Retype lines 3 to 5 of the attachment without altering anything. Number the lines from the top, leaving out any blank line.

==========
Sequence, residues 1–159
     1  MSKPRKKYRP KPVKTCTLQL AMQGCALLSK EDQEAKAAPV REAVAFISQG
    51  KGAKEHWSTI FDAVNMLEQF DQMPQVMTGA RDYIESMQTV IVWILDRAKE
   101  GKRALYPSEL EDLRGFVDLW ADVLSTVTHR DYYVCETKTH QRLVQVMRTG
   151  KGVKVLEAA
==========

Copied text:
    51  KGAKEHWSTI FDAVNMLEQF DQMPQVMTGA RDYIESMQTV IVWILDRAKE
   101  GKRALYPSEL EDLRGFVDLW ADVLSTVTHR DYYVCETKTH QRLVQVMRTG
   151  KGVKVLEAA